Soldering drain pipe from tough angle..standard test to verify solder took?

Discussion in 'Plumbing Forum, Professional & DIY Advice' started by lithnights, Mar 22, 2006.

  1. lithnights

    lithnights New Member

    Joined:
    Nov 30, 2005
    Location:
    PA
    I just soldered a 1 1/2" copper pipe to a brass fitting. I heated the fitting for a good while (longer than my typical 1/2" copper sweats) then soldered and the solder took pretty nicely all the way around.

    My only issue is that I was soldering from an angle where I couldn't see the bottom of the pipe. I got down as low as I could and definitely saw the solder taking. This is the drain for my soon to be installed bathtub. See attached picture.

    Is there a standard way to test this joint to make sure I don't have any leaks? I assume I could set up some contraption or dry fit my overflow assembly and run hose water through it to see if there are any pinsize leaks...?

    Any other ideas? I want to make sure it's a solid fit before installing my tub and then tile over the tub. Once that's in, I'd be stuck if it had any leaks. I guess I could always get to it from below if needed but that would require ripping a hole in my 1st floor ceiling.

    Thanks in advance,
     

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  2. Cass

    Cass Plumber

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    Nov 12, 2005
    Location:
    Ohio
    Use a small mirror and flashlight.
     
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  4. hj

    hj Moderator & Master Plumber Staff Member

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    joint

    You are going to test the drain system after you install the tub, but before you tile aren't you? If so, you will find out then if it leaks.
     
  5. Gary Swart

    Gary Swart In the Trades

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    Sep 1, 2004
    Location:
    Yakima, WA
    Not saying don't test it, but in the photo, it looks pretty good and I think you'll be fine. I had a similar problem when I redid my irrigation line where it branches off of the main line. It's 1" copper 5 feet deep and I was almost standing on my head. I probably used enough solder to do 6 joints, but it didn't leak.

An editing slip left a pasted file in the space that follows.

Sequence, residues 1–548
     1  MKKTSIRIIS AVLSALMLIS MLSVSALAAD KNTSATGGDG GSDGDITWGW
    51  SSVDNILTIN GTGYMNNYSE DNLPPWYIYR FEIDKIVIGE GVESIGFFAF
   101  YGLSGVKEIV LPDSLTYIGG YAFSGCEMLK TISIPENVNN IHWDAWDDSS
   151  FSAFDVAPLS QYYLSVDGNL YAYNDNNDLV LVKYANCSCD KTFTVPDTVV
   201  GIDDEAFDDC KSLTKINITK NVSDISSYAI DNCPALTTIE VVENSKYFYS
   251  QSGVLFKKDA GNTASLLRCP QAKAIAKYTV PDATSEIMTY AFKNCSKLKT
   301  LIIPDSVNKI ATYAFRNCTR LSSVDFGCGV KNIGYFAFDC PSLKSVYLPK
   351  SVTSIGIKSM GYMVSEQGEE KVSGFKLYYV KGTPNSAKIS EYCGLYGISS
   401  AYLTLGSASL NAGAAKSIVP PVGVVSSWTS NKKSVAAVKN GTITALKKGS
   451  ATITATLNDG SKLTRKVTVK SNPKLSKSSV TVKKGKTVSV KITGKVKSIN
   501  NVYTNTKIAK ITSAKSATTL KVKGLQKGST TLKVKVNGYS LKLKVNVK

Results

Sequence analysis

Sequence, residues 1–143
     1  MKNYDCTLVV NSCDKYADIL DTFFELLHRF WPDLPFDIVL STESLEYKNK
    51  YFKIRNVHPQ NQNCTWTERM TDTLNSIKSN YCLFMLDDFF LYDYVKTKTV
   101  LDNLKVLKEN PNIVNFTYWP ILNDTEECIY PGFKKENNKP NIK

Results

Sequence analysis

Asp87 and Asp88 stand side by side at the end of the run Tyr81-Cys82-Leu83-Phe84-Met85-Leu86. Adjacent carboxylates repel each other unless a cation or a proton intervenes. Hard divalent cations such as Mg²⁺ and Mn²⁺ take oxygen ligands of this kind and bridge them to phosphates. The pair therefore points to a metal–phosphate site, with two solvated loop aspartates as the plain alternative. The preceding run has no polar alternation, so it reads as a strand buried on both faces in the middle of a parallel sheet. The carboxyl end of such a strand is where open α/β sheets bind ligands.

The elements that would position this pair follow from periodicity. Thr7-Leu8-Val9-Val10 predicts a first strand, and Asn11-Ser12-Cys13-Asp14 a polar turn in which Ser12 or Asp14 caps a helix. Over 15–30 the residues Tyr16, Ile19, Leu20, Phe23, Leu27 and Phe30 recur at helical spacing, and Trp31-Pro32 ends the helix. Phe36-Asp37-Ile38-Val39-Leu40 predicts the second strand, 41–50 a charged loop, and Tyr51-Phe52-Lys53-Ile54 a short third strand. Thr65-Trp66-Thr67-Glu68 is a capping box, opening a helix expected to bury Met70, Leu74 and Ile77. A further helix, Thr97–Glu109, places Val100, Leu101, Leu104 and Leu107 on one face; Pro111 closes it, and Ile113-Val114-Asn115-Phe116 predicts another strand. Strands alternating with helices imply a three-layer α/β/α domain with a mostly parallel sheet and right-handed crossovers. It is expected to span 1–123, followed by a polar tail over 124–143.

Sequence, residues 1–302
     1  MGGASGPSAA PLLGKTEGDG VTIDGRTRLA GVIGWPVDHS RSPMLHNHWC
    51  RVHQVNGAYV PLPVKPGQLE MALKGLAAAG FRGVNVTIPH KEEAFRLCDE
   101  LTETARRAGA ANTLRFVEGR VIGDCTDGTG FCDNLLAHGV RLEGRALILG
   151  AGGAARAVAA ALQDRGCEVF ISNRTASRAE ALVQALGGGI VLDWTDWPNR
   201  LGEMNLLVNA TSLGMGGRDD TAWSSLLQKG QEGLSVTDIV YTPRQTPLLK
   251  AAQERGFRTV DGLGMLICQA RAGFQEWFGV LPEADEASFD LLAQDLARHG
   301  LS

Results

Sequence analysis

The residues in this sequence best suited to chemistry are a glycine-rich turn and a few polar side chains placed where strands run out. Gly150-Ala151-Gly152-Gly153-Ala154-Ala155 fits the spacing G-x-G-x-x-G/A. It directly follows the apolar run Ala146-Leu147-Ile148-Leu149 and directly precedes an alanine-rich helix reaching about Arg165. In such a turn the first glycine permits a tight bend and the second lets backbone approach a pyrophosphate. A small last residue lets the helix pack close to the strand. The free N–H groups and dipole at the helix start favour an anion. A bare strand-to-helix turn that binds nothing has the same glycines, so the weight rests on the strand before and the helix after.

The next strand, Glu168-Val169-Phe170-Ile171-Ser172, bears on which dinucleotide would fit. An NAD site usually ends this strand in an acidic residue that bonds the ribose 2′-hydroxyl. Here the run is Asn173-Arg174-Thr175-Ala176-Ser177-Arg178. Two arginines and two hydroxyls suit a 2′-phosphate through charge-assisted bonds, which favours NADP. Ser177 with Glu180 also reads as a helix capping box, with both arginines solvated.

6. lithnights

    lithnights New Member

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    Nov 30, 2005
    Location:
    PA
    Cass, good suggestion, I had actually done exactly that and it LOOKED good. But I guess I'm afraid looks can be deceiving. ;)

    I guess I will just do hj suggest and just test the drain system after tub install but before tile...

    Thanks all.
     
  7. hj

    hj Moderator & Master Plumber Staff Member

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    test

    You had better do it, because that joint is not the only place you could have a leak. Finding a leak after the tile is on is not a pleasant feeling. It ranks right up there with finding out the tile layers decided to make the tile 1 3/4" thick instead of the 3/4" originally indicated, and the shower valves, (plural) never had that much adjustment in the first place and there are no extensions. That happened today.
     
    Last edited: Mar 23, 2006
  8. prashster

    prashster New Member

    Joined:
    Dec 7, 2005
    Feel the bottom. If you have a beaded bump, you'll be good.
    If you're gonna have a blind spot, the bottom is the best one to have. Solder will naturally flow down to the underside. so that side is usually the easiest to fill.
     
  9. hj

    hj Moderator & Master Plumber Staff Member

    Joined:
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    bottom

    But heat rises so if the flame was not directed at the bottom, it could be cool enough not to flow the solder.
     
  10. prashster

    prashster New Member

    Joined:
    Dec 7, 2005
    Heat doesn't rise. Hot air rises. Heat conducted through copper radiates up and down with equal speed. Liquified solder sucks into the joint bkz of capilary action - a tiny air gap acts like a vaccuum in the presence of heat or even the most minute pressure differential. Once it's sucked into the joint, though, it follows gravity.

    If you heated only the very top apex of the fitting and fed in solder only at the very top, it's possible that it'd cool b4 flowing to the bottom. But, if you made even the feeblest attempt to evenly heat the fitting, and to feed the solder from the side or as low as possible, than the bottom of the pipe will certainly have heated thoroughly enough to let gravity do its thing on the liquified solder, and you'd get even coverage.

    If the TOP was the area in question, I'd argue differently.
     
    Last edited: Mar 24, 2006
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